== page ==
Intrinsic & extrinsic motivation methods

Written by rebeca renata
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Intrinsic & extrinsic motivation methods
(Ezra Shaw/Digital Vision/Getty Images)

Intrinsic and extrinsic motivations are terms based in social and behavioural psychology, and describe the types of factors that motivate people to engage in certain behaviours. People who frequently use these concepts have a vested interest in motivating others. For instance, employers looking to increase productivity and morale in the workforce may try to find the best way to motivate employees. Theories of motivation are not without controversy as to what constitutes the best motivators for people.

Intrinsic Motivation

Intrinsic motivation is when a person is motivated to do something based on an internal reward, such as enjoyment of the activity itself and/or a desire to be engaged in it. For instance, reading a book for leisure is usually done out of intrinsic motivation, to gain a sense of internal pleasure and fulfilment. When a person is intrinsically motivated to do something, the rewards for engaging in it include a sense of satisfaction. Benefits of this type of motivation can include increasing the meaning of the activity, making it important for the person engaging in it, as well as a sense of accomplishment and increased self-awareness. Intrinsic motivation can also increase autonomy and sense of purpose.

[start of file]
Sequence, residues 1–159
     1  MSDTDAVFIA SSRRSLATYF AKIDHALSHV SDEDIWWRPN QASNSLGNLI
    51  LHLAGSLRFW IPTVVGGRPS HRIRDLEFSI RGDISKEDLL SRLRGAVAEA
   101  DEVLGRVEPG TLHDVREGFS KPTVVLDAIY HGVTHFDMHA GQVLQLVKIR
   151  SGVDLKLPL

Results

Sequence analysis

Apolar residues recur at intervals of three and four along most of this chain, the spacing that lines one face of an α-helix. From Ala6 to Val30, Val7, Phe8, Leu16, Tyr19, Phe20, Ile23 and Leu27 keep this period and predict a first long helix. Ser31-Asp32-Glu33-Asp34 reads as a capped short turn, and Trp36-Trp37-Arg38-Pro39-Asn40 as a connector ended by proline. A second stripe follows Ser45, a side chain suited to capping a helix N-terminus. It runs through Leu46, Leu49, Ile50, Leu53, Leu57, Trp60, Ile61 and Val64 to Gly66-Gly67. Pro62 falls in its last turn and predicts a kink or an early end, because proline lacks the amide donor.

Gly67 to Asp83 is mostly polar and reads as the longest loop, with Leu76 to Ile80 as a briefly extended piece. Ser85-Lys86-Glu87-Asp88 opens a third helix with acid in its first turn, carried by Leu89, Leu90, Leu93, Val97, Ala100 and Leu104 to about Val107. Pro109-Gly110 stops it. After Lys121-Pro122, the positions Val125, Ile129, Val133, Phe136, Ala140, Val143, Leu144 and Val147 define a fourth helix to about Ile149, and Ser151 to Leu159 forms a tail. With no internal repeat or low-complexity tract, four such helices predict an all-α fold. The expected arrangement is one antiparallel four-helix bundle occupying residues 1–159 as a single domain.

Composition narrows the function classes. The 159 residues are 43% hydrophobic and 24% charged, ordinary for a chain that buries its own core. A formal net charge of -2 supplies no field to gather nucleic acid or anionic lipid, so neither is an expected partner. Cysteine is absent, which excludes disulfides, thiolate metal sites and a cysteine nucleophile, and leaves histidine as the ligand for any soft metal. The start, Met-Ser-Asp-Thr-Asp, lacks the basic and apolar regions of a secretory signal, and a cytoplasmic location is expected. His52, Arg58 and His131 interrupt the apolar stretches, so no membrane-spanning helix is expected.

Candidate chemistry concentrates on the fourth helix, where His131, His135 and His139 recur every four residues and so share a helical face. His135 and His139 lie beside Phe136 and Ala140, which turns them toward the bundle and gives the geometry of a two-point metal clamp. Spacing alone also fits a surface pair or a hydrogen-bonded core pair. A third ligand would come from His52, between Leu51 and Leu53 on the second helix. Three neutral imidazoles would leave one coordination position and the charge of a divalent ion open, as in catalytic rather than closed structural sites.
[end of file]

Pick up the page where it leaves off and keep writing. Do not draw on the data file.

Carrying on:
Extrinsic Motivation

Extrinsic motivation is when a person is motivated to do something based on external factors, such as the expectation of reward or fear of punishment. When a teacher rewards a student with an A or gold stars, and threatens them with an F or punishments such as detention, these are external motivators. Businesses often function in this way, offering rewards such as cash bonuses or better offices.


Extrinsic reward systems have been met with much controversy, and are generally thought of as less motivating than intrinsic rewards. Extrinsic rewards are even thought of as possibly causing harm. For instance, creating an extreme power dynamic in a relationship that may result in subversion, conflict and resentment that ignore an individual's ability to choose freely and express self-determination.

In the November 2009 issue of Psychology Today, Steven Reiss goes a step further and criticises the duality created by both intrinsic and extrinsic motivation. Reiss argues that human motivation is a more complex process and cannot be easily distinguished between extrinsic and intrinsic incentives.

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